Sometimes it really does not take much distortion in frequency response or compression behavior to have a very noticeable effect on sound quality. I am pretty fanatic about sound, and distortions that bother me may not produce the same negative response in others. It could be that I have just been lucky with this project to have hit the sweet spot, but there’s one way to find out: replication of the results by someone else. I really hope another equipped self-programmer can try out the procedure on Widex Dreams, Unitrons, or any other aid with high input level capability, and report back. I’m sure there is a friendly audiologist out there somewhere that is interested in good aid performance on music that could help out here.

You are welcome to send me your programming and i will certainly try out any changes you suggest. Thank you for your interest!


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Forum Hint - Using the @feature sends a notification to that member,

Thanks for this. I’ve already purchased the Hi-pro from China as well, but it’s been sitting here for months. You’re an inspiration and now I’ll go ahead. Timing…

I have Starkey so a different brand, but I needed this push. Thanks.


Thank you for sharing your programming and experience, Paul. I play the clarinet and piano, so music fidelity is very important to me as well.

Although I do not have Bernafons, I have Oticon OPN, which I hope will be similar as they have the same parent company. Once I receive my programming kits, I hope to mimic and refine my programming with yours as an inspiration and guide. Kudos!

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As a musician ( drummer) and as one that spends 3-6 nights a week running sound for various bands the aids have helped a lot to insure a decent mix.
Since my earring loss is at low DB in the mid to high HZ range once the band is up to higher volumes I’m pretty good without the aids.
Glad to see other players here. I believe the 40 years of rock and roll had a lot
to do with my loss.

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Congratulations on what you accomplished. I’m wondering what your experience listening to music has been. I have been unable to listen to music for the past eight or nine years. Notes seem out of pitch. I don’t hear the higher frequencies. One audiologist told me that most people with my audiogram are able to interpret music correctly. Very few, like myself, cannot and that there is no help for me via hearing aids. All she did was create a program which didn’t favor voice. It did no good. At this point I have six year old Agil pros.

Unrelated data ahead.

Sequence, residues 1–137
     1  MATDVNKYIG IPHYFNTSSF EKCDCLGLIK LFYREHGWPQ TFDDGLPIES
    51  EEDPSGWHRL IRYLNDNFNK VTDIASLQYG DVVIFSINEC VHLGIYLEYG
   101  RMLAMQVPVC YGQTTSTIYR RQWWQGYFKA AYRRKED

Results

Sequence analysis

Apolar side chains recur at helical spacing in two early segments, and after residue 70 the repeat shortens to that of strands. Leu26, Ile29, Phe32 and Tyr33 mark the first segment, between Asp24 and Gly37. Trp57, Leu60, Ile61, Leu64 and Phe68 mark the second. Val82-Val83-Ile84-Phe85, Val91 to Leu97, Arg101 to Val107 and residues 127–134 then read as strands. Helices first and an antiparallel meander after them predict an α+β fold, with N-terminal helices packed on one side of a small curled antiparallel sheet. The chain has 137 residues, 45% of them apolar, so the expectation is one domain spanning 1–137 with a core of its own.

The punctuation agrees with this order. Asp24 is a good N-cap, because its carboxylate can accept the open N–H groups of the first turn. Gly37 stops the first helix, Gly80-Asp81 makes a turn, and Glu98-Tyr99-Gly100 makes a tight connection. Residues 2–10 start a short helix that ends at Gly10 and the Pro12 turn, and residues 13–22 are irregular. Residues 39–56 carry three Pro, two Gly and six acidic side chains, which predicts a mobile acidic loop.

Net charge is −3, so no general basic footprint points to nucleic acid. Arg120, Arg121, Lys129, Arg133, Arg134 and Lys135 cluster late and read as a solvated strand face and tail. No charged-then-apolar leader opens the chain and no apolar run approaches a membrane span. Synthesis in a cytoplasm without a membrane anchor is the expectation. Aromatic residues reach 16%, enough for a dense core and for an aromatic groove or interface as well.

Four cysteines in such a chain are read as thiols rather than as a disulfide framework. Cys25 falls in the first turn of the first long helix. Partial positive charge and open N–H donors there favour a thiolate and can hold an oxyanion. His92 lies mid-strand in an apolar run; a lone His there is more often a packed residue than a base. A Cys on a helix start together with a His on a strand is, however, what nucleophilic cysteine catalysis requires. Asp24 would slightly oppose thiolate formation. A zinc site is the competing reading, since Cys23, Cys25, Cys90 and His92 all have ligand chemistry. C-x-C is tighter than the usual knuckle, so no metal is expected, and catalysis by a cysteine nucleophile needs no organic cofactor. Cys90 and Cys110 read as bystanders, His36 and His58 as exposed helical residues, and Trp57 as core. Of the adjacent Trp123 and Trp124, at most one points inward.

I’m back on this forum because I’m thinking of purchasing new aids and want to read about what others have experienced. (Yours is the first post I’ve
read. ) Any input you might have would be appreciated.

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I am azureblue, aka Rick Ledbetter. I have been self programming through 5 sets of aids and I am a performing magician. Been there and done that and had words with many an ossified hearing specialist…

For music, #1 - turn off all sound processing. you can’t do anything right when the active sound processing is searching for feedback, noise, background noise speech to enhance, wind noise. etc. Anti feed back thinks a flute is feedback and noise reduction thinks a sax or trumpet is just racket… 2 - if you want to try the built in in situ, run it three times after turning off the sound processing. 3 -I prefer WRDC for music because of the smoothness and a less brittle sound. 4- I prefer target of Adult DSL-v5 because it is less harsh in the music mids. 5- Spreading the Eq curves does help the dynamic range but then you run into a flaw in the algorithm which is a slow compression release time. Music needs a quick release but most aids settle for a three second or so release time, and the further apart you have the three EQ curves, the more obvious that will be. 6 - open up the MPOs (limiters) so they are not kicking in too soon. They are the to prevent overamplification but often they are set too low, again, focused on speech, so they will squash the peaks.

Most aids’ music programs is set for recorded music. This means music that has been compressed and limited with the dynamic range reduced, so that is why the so called music programs don’t work for live music.

A couple of helps - get a pitch to frequency chart and play a piano on note at a time, making a not of what notes are too loud and others too soft. Very generally speaking this can be used to adjust the 65db (normal) Eq band, but also the 50 db (soft) EQ band, too

Get a real time analyzer app for your cell phone, one that will display a bar graph, and all ow you to save the readout. This will tell you what frequency and at what db level, which will go a very long way to fine tuning your aids.